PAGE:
Mozilla patches eight flaws, two critical, in Firefox

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Mozilla patched eight flaws in its products on Thursday, including “critical” issues in Firefox, Thunderbird and SeaMonkey.

Firefox version includes a cumulative fix for bugs leading to crashes and a fix for the way Script object modifies XPCNativeWrappers.

Mozilla disclosed on Thursday that some of the crash-causing issues could eventually be exploited to run arbitrary code on a victimized PC.

Mozilla researcher moz_bug_r_a4 was credited with discovering the other critical flaw, which can be exploited when using the Script object to modify XPCNativeWrappers so that subsequent access by the browser chrome can cause attacker-supplied JavaScript to run.

The distribution also patched a flaw in Firefox for Windows XP with Internet Explorer 7 installed that occurs with a malformed URI. Billy (BK) Rios and Nate Mcfeters were credited with disclosing the flaw.

The fix detects when Windows would mishandle such URIs so that the wrong program does not get launched, according to Mozilla's advisory.

The Mountain View, Calif.-based company also patched a “moderate” flaw in Firefox and SeaMonkey that could allow file stealing through a URI scheme.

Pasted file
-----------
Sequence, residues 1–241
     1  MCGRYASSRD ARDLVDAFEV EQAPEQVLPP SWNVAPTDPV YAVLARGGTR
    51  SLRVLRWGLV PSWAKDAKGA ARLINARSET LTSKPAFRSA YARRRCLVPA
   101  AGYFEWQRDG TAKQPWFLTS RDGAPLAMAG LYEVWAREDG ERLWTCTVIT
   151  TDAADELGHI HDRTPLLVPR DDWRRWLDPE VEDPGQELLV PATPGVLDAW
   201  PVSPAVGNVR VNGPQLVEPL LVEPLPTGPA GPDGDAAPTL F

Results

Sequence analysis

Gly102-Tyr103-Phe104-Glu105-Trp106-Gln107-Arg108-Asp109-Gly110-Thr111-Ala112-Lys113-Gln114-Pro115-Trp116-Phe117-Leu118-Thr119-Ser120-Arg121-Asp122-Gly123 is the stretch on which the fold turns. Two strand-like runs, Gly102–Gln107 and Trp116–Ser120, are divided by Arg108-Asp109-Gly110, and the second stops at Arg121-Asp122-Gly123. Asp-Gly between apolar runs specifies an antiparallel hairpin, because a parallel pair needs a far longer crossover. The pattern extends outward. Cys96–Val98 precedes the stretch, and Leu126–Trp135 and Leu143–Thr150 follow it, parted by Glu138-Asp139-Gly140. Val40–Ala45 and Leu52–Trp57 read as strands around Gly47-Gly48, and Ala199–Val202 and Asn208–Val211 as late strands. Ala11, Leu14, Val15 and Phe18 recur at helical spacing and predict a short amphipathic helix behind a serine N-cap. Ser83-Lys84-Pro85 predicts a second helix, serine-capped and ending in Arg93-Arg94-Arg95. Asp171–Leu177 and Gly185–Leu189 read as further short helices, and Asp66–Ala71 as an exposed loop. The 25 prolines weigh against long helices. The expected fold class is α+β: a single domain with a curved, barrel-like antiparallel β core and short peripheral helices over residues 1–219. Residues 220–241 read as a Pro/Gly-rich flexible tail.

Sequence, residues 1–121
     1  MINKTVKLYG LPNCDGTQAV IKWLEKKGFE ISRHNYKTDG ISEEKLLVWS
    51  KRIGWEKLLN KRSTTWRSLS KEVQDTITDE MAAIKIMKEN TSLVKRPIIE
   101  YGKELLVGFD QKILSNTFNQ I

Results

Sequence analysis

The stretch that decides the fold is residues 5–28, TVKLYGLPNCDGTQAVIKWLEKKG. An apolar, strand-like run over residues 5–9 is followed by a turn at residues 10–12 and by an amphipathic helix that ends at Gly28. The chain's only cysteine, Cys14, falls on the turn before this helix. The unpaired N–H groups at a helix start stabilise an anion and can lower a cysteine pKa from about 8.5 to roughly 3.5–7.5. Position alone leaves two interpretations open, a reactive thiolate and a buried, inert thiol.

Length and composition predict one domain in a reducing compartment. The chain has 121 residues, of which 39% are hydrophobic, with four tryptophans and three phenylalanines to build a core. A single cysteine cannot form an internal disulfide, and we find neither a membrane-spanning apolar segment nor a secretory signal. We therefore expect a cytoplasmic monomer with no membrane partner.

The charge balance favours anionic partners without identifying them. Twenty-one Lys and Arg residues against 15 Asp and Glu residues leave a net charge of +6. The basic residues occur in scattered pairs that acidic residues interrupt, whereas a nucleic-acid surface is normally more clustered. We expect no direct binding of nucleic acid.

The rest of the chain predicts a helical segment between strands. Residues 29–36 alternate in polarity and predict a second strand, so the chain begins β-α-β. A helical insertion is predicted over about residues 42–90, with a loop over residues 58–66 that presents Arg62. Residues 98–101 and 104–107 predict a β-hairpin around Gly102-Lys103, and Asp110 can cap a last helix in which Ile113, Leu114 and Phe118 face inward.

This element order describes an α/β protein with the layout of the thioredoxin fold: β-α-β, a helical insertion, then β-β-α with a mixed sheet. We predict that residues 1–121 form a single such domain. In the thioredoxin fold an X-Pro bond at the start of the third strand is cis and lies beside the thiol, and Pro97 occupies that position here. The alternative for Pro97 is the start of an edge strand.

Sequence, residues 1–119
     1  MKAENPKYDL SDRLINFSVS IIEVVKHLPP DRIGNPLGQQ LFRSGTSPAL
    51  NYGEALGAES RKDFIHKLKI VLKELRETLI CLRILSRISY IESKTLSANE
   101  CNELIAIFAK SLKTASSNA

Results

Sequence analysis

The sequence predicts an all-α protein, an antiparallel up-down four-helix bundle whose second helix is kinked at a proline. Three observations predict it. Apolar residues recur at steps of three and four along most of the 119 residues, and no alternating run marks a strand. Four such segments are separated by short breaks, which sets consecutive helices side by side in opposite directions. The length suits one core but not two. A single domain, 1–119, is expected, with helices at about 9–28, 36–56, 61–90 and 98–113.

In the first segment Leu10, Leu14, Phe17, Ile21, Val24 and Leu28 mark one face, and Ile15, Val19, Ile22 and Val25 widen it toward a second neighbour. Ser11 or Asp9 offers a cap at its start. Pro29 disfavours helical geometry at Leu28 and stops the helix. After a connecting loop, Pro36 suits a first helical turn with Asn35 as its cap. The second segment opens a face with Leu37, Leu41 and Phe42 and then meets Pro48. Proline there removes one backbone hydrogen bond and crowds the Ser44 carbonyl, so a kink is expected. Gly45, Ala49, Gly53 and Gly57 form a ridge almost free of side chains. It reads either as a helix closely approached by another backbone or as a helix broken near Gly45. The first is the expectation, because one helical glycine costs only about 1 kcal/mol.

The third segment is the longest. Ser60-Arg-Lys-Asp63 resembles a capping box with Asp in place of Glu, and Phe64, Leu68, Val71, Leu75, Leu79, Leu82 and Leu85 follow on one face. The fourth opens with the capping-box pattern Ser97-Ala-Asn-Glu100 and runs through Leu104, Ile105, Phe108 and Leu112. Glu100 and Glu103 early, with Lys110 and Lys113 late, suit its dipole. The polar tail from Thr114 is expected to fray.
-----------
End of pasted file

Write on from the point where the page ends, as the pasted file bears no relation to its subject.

The vulnerability, reported by Georgi Guninski, can be exploited if an attacker stores a malicious page on a server and lures a victim into loading it.

Also fixed were moderate flaws in Digest Authentication request splitting and file upload control, as well as low-danger flaws in XUL pages and onUnload Tailgating.

The group of flaws earned a “critical” ranking from FrSIRT in an advisory released today, and a “highly critical” ranking from Secunia.

Rene Gonzalez, product manager at Lumension, an endpoint security vendor, said that as Firefox becomes more popular, it will also receive increased attention from researchers.

“The trend seems to be with the browser. Every month they have a new update for the browser, and as it becomes more popular, more vulnerabilities become prominent on the desktop,” Gonzalez told today.

See original article on SC Magazine US

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